This packet is 9th in a series about music as media.
Do you ever feel unhappy or unsatisifed with your life after watching TV or viewing a blockbuster movie? That's no accident. Critics of the popular culture industry argue that they purposely make us feel bad to spend more on self improvement products. Ever wonder why you hear music in stores and restaurants? That's no accident either. This packet will explore answers to these questions and give you plenty more questions to ponder.
Happy or Unhappy?
The popular culture industry includes recording companies, books and magazine publishers, movie studios, and television and radio broadcasters. All of these companies make money by entertaining us. We find entertainment fun, relaxing, and enjoyable. Therefore, we are more than happy to watch television and movies, listen to music on the radio or stereo, and read books and magazines. But consider this: Some people argue that the popular culture industry knows how to make us unhappy, too. The industry wants us to believe that school and work are boring and no fun. It wants us to be unhappy with how we relate to other people, unhappy about our appearance, unhappy with much of life in general.
Why? Because the more unhappy we are with things, the more we want to change things, and the more willing we are to buy new things. Broadcasters and magazine publishers make money by selling advertising. Advertisers tell us that we have problems and that we should be unhappy because of those problems. We are not attractive enough, we have body odor, and other people do not like us. However, if we buy their cologne, their clothes, their cars, their cosmetics, and so, we will be happier.
In addition, the unhappier we are, the more we want to escape. Movie studios want us to buy movie tickets and rent or buy DVDs. This way, we can escape from our problems, and escape from the boredom of school and work. So, rarely will movies or television shows make school look interesting or fun. Instead, the teachers are often made to look like geeks; the things we have to study are portrayed as useless. Most jobs are shown as dumb, except for the jobs of police officers, lawyers, and doctors. But these jobs are rarely shown realistically, relying instead on exciting but highly unusual or unlikely situations.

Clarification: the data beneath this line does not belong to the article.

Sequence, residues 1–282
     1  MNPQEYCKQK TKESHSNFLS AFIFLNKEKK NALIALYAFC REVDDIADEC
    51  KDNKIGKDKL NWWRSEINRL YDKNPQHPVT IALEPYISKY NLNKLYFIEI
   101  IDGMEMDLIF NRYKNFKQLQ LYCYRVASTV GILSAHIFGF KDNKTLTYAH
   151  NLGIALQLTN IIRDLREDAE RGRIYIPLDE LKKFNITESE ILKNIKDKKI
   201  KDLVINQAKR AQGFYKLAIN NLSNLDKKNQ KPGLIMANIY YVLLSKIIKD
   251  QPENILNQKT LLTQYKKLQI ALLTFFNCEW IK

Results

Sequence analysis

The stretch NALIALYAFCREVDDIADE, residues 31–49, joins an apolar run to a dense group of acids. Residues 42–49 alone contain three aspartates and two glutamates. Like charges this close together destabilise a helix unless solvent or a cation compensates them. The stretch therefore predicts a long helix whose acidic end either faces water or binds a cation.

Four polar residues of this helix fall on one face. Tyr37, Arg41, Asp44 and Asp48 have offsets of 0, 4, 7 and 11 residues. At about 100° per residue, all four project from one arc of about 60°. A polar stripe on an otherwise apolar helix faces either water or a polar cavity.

Muzak Makes me Happy!
MUZAK is a company that began in the 1930s. Its founder realized that people in a variety of public places found instrumental music soothing and began to produce such music for businesses. Muzak is often called “elevator music” because its mild instrumental versions of popular songs are often played in elevators. Over 250,000 businesses pay Muzak to use its recordings and equipment in office buildings, stores, and other public places. It is also common to hear Muzak played when businesses put telephone callers on hold. Although associated with instrumental “background” music, the company now distributes “foreground” music with vocals, which can be heard in stores, restaurants, and other public places. In all, Muzak delivers more than a dozen styles of music to its customers.
Muzak describes itself as being in the business of “audio architecture.” Think about it—there is more to a building than just the colors of the walls, the type of flooring, and the furniture inside. Bakeries and candle shops lure shoppers with pleasant smells. Restaurants and boutiques use certain colors and materials in their interior design to create a mood for diners or shoppers. Music also helps set the mood, whether for working in an office or shopping in a store.
Most recently, Muzak has expanded to become a "mood media company" that specializes in multi-sensory branding including aroma marketing. Not only will you hear stimulating music that is meant to make you buy more, but your senses will pick up on sweet smells that are meant to increase the time you spend in the store and the amount of money you spend. How crazy is that?
Learn more at http://www.muzak.com/
Source: Media Literacy: Thinking Critically About Music & Media
Do you agree or disagree with the argument that the popular culture industry wants to make us unhappy? Explain.
According to the argument, why does the popular culture industry want to make us unhappy? Explain.
According to the article, which jobs on TV are rarely shown realistically, relying instead on exciting but highly unnlikely or unusual situations?
How does music help people escape? Does music help you escape? If yes, what does it help you escape from? Explain.
Pretend that you have a pizza restaurant that wants to attract families and young adults. Your restaurant has identified its key demographic as people between the ages of 18 and 45 and their children. Do you think using recorded music in your restaurant would increase your business? Why or why not?
Many people are not even aware that background music is being played when they are in a store or restaurant. Why, then, do you think that store or restaurant owners are willing to pay for that background music? Explain.
Think about riding in an elevator. What purpose does music serve in an elevator? Explain.
Why do you think people who own offices and other businesses pay to have background music played during the workday? Explain.